Anyone who has been to Goulburn and up the Rocky Hill War Memorial will immediately recognise the viaduct in my main picture above. When you come down into town it is nowhere to be seen and unless you know exactly where you are going it’s actually hard to find it. Big though it is, you will not stumble across it.
Please ensure that you have a map (pick one up from the tourist office on Sloane Street in the centre of town) before embarking on the sites mentioned in this review.
Being a railway viaduct there is no public road that goes right to it. You have to head into the back streets (I recommend Grafton Street as it allows access to the former Crookwell line as well – see below) and then take a short stroll to get to it.
The the original single track brick viaduct taking trains across the Mulwarre River and Ponds opened in 1869, with the opening of the Sydney – Goulburn line. This early viaduct was replaced with a larger twin track viaduct in 1915 and it is still in use. The 1869 piers remain on the north side of the 1915 structure.
Looking at the old piers one can see that they are at a slight angle to the new sturdier viaduct. When built in 1869 the piers were deliberately skewed in line with the natural water flow to minimise the chances of blockages from floating trees, sheds, houses and the like during floods; the idea being to ease such debris through. As these piers align with the new arches they were presumably left there to fulfil their original purpose on an on going basis.
On first sight the viaduct seems unnecessarily high and long to get across what looks like a bit of low land with very little water. One should not be fooled. In 1867, while the original viaduct was still under construction, flood waters peaked at only 1.2 metres below the pier tops.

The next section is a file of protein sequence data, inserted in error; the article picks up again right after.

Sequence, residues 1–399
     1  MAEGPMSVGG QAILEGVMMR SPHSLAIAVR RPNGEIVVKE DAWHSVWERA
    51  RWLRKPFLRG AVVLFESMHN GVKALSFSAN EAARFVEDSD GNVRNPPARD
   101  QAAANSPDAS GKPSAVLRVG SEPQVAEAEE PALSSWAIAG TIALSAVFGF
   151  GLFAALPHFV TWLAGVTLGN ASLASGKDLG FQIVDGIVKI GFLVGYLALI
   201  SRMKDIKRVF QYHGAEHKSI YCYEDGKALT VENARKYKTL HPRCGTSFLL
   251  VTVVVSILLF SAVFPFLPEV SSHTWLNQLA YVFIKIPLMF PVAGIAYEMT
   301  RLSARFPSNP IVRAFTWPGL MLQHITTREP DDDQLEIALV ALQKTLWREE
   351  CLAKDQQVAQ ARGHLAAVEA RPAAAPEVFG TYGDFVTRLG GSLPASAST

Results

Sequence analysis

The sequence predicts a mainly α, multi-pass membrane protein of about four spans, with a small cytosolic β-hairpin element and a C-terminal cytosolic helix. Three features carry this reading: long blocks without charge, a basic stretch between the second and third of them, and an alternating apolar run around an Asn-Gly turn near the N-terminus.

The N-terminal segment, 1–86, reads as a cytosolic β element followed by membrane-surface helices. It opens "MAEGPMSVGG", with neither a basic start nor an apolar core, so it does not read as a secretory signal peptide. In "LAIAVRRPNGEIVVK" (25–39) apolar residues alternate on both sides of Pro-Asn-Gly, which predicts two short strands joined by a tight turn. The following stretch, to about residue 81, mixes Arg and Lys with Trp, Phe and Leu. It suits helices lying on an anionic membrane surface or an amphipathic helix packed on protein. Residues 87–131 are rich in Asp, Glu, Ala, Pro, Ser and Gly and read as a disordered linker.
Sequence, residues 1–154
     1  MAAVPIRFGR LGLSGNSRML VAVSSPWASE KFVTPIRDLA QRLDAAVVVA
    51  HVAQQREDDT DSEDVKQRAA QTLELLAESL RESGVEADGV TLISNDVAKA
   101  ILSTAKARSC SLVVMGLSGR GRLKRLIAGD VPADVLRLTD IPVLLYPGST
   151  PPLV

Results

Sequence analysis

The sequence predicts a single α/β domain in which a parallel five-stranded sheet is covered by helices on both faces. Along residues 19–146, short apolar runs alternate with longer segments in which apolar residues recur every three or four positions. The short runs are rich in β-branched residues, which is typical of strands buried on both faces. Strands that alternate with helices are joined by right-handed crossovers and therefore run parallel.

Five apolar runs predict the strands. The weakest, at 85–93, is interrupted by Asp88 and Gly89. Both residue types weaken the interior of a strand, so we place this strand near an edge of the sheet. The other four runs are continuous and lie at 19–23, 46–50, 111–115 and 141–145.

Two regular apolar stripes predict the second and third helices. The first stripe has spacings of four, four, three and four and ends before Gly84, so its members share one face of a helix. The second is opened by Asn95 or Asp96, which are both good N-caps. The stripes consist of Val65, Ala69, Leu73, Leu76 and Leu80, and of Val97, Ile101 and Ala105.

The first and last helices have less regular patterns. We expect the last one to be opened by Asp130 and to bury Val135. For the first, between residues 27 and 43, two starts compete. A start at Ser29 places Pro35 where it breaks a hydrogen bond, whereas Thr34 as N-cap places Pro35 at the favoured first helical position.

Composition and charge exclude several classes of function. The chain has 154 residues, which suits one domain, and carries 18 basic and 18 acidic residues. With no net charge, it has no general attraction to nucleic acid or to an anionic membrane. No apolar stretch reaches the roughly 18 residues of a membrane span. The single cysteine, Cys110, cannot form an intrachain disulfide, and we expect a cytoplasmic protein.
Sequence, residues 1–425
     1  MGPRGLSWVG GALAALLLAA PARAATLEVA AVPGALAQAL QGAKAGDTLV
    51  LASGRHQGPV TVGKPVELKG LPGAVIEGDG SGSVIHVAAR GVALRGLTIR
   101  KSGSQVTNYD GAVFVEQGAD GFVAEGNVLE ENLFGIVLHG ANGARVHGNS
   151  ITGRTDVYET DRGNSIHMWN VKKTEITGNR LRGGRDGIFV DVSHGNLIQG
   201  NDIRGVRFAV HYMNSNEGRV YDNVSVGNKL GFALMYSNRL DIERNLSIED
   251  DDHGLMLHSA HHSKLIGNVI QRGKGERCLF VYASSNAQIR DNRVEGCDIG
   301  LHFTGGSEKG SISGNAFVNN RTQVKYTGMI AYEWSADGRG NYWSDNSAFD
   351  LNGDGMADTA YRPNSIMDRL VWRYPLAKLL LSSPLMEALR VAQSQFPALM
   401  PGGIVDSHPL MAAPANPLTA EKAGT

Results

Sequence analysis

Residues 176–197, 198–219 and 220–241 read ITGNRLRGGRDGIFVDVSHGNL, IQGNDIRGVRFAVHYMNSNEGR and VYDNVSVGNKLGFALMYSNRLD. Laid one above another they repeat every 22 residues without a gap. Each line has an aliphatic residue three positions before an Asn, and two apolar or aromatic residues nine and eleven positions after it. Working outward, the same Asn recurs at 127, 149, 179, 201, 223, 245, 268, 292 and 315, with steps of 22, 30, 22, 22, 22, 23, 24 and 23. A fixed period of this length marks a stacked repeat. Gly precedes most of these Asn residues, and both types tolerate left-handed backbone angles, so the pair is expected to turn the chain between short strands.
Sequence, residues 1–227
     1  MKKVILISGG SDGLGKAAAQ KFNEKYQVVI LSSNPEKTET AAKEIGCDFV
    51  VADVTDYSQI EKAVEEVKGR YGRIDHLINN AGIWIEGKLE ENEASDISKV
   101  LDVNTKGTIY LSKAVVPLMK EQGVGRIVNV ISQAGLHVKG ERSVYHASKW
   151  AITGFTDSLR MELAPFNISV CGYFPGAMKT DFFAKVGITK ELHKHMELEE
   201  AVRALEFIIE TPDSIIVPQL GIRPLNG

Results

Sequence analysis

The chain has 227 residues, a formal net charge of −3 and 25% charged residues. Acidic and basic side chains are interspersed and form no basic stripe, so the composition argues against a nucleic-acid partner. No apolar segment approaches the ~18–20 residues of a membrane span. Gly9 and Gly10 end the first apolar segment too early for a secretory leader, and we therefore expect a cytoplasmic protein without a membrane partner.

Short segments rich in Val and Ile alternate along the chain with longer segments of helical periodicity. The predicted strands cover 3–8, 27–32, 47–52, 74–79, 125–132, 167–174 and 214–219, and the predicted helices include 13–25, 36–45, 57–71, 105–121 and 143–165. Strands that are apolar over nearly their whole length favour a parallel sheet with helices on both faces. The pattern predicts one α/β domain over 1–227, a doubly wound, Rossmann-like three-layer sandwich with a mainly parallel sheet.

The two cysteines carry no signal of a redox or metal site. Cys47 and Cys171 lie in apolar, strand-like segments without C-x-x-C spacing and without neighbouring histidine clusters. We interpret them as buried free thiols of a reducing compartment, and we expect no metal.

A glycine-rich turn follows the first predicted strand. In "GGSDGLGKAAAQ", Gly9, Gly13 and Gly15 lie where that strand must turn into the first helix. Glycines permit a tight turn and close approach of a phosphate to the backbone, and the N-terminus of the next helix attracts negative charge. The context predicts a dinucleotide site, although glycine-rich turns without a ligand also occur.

Given that you get a good view of the viaduct from the Rocky Hill War Memorial it stands to reason you would get a good view of the Memorial from the south side of the viaduct.
If you access the viaduct via a not very obvious path down to your right from the end of Grafton Street you will note an old abandoned railway track veering off to your left along the back of some houses.
This is what remains of the Crookwell railway line, a spur off the main Goulburn-Sydney line. The Crookwell line was opened in 1900 and while clearly trains could not run on it today the line has never actually been officially closed.
Goulburn is, and had been, for almost as long as it has existed famous for its prisons (something they don’t overdo in the tourist literature – but please don’t let it put you off – they are of the very secure variety here in Goulburn!) One of Goulburn’s two prisons (the rear of which you will see if you visit the St Saviour’s Cemetery (as you should)) is located in this northern part of the City between Maud and Cemetery Streets. The first stop on the Crookwell line was Argyle, located opposite the main gates of the prison. Prisoners coming in from Sydney and other parts of the New South Wales would arrive in Goulburn, in a prisoners van, which would be detached at Goulburn Station and shunted along the Crookwell line to Argyle and the then relatively new prison which had been constructed in 1884.
The Argyle station/ platform was demolished in the late 1960s so don’t go looking for it.
Before the Crookwell line was opened, the prisoners were taken off the train at the North Goulburn station (opened 1882), one stop before Goulburn Station on the main line. North Goulburn Station is no longer operational (closed 1975) and the former station buildings which include a red brick and sandstone gatekeeper’s cottage (now privately owned) and a rather decrepit looking signal box are heritage listed buildings.
If you want to have a look, they are located at the northern end of Hetherington Street, which you can use to get to the Rocky Hill War Memorial if you approach it from the Sydney side of Goulburn.
Perhaps the most interesting, and certainly the most amusing, tit bit on the North Goulburn Station was the high number of tickets sold to local residents from Goulburn Station to it (but not back from it!). Need I say more than that a ticket to North Goulburn sufficed to ensure one’s status as a bona fide traveller when drinking ‘out of hours’ in the Railway Refreshment Rooms Bar at Goulburn Station!
My next Goulburn review– HERE
Return to the beginning of my Goulburn reviews –HERE